Insulin is outrageously expensive — but that might soon change
*For some people.
Getting health care in the U.S. is pricey as hell and few people understand this better than Americans with diabetes, some of whom have to pay hundreds of dollars each month for insulin. For the past several years, insulin prices have actually gone up, with some paying upwards of $5,705 per year for medication that is truly not optional. Hopefully, their capitalist nightmare might soon be over: On Thursday, the House passed a bill that aims to cap the cost of insulin at $35 per month for anyone with insurance, including Medicare.
Surprisingly, the bill achieved some semblance of bipartisanship, with unanimous support from Democrats and a whopping 12 Republicans, per the New York Times. Now, it needs to get at least 10 votes from Republicans in the Senate before it becomes law. If this bill does get passed, one in five Americans with diabetes will be saving a pretty penny.
No one takes insulin for fun, which makes the outrageous prices that Americans have to pay — again, one vial of insulin can cost up to $250 — grossly unethical. For people with diabetes, shots of insulin are necessary for their pancreas to produce glucose and balance their blood glucose levels. Many who take insulin have to take it everyday and the prohibitively high prices lead to rationing, trying to find it on the black market or worse, deciding to go without.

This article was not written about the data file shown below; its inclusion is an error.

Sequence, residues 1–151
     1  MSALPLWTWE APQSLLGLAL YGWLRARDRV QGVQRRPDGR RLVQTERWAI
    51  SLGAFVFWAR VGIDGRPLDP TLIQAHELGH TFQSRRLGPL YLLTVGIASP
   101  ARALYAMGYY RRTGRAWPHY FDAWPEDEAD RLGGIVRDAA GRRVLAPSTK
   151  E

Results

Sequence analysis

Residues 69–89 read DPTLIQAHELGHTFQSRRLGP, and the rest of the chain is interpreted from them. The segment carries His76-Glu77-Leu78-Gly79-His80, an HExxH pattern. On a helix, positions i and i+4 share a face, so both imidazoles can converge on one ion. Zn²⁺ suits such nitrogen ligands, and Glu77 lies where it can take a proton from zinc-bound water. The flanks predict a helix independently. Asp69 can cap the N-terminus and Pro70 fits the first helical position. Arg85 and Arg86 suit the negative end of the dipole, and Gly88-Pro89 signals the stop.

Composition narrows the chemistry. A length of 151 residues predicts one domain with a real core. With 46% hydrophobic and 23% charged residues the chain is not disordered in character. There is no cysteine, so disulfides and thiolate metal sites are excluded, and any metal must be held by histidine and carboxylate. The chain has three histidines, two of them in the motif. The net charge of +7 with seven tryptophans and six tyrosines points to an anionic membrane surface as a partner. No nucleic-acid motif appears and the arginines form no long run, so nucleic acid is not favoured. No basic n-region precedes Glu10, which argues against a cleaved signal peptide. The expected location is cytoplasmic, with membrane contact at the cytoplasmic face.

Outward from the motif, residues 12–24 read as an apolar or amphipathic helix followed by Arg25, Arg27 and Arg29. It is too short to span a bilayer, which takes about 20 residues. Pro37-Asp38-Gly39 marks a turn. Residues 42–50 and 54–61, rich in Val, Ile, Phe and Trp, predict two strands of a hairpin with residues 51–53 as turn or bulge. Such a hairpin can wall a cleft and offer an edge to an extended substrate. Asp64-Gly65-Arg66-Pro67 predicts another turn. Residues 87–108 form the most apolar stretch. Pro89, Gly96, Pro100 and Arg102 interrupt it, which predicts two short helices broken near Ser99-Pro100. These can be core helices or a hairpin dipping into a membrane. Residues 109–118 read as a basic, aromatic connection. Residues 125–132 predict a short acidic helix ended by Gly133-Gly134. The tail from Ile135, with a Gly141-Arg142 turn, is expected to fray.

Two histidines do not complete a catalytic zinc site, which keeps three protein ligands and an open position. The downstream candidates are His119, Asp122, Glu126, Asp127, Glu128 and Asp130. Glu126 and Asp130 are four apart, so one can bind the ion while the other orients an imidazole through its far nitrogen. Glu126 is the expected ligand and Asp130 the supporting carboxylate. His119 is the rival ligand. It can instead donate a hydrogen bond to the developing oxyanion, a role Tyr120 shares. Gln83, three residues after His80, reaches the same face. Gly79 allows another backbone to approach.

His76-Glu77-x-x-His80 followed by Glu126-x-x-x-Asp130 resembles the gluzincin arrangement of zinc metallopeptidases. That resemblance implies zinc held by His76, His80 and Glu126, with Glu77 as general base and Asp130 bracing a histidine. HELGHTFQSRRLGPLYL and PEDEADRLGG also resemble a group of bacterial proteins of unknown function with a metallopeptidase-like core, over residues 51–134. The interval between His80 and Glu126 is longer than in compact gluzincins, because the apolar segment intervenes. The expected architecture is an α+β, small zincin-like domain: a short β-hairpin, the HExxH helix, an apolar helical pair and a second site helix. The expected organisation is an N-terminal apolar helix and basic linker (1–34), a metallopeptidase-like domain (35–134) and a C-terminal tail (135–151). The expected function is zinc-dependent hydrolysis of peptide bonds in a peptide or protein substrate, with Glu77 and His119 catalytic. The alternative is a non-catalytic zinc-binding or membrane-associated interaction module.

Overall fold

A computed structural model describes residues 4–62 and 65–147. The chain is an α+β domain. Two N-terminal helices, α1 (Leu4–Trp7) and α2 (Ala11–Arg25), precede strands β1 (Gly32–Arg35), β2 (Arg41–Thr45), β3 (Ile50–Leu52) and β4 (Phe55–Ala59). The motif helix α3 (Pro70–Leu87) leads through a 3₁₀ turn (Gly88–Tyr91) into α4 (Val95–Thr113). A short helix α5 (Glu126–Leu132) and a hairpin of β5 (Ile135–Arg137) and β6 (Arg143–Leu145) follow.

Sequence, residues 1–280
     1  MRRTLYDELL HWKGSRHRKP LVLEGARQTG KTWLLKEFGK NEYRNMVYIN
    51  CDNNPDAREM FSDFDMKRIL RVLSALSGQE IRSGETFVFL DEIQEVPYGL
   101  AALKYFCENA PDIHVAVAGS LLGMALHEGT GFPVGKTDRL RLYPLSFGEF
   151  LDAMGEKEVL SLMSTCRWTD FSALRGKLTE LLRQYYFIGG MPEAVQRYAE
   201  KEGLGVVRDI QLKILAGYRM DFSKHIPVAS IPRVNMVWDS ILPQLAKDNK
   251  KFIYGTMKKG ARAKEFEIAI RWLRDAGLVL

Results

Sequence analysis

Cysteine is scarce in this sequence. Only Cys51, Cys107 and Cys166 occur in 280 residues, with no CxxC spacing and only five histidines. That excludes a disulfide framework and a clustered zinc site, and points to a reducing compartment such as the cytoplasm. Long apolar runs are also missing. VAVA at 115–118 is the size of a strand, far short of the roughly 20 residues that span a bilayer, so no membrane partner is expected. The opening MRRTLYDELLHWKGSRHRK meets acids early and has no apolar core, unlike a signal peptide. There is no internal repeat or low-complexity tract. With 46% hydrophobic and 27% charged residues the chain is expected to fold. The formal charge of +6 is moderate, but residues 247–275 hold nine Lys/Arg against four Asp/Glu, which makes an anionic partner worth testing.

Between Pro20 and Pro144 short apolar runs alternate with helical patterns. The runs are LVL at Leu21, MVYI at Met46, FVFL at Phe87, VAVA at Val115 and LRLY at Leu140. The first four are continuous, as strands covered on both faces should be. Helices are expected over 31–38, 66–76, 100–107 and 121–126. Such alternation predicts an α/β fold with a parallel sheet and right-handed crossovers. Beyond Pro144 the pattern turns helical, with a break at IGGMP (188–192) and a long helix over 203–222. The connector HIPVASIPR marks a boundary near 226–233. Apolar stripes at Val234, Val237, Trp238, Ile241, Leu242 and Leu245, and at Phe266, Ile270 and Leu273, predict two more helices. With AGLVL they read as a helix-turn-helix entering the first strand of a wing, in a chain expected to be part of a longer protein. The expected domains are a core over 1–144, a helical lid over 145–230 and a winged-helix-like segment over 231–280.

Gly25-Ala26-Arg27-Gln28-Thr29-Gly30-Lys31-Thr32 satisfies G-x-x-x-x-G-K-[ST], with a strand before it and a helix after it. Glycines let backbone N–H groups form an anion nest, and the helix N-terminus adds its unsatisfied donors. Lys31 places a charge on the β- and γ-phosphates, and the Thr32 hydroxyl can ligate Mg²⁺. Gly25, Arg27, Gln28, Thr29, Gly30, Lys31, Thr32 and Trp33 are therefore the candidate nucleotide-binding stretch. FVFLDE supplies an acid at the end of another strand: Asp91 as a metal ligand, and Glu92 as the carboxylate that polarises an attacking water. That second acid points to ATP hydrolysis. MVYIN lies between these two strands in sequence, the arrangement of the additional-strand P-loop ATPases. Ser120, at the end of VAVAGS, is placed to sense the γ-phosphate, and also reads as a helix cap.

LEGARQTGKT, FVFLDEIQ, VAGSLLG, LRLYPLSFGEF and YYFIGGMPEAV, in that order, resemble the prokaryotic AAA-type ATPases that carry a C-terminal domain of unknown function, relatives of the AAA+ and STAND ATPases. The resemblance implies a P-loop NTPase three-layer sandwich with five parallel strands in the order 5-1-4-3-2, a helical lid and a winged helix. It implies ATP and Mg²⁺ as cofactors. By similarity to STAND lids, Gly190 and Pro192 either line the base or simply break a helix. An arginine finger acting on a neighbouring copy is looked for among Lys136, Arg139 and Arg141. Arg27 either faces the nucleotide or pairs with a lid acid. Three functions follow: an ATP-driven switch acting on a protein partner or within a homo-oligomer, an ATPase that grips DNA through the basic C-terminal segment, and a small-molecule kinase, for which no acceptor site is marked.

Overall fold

Still, this bill is not a total cause for celebration. The people who have to pay the most for insulin, uninsured Americans, will not benefit from it at all. Many are criticizing the Democrats for watering down their original prescription drug package, which would have extended insulin coverage to uninsured Americans, per the Times. That bill, which had hoped to cap all prescription drug prices, is currently stalled in the Senate.
So while this is all definitely a cause for cautious optimism, we have to demand much more. No one benefits from Americans going bankrupt just trying to survive and it’s incredible that in 2022, people are still putting their life savings into essential things like insulin. Get your shit together, America.